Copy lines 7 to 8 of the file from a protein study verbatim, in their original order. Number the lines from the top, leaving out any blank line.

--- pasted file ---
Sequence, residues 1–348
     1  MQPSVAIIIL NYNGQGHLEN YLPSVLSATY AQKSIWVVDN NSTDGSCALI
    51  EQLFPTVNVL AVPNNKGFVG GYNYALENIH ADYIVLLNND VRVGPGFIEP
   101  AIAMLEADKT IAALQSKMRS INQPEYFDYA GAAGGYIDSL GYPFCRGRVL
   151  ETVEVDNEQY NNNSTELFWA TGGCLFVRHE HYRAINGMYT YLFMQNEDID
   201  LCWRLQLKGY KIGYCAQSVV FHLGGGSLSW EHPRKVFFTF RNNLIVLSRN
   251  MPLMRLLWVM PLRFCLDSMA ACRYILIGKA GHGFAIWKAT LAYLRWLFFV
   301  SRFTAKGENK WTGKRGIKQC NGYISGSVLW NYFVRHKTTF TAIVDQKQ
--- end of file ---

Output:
   251  MPLMRLLWVM PLRFCLDSMA ACRYILIGKA GHGFAIWKAT LAYLRWLFFV
   301  SRFTAKGENK WTGKRGIKQC NGYISGSVLW NYFVRHKTTF TAIVDQKQ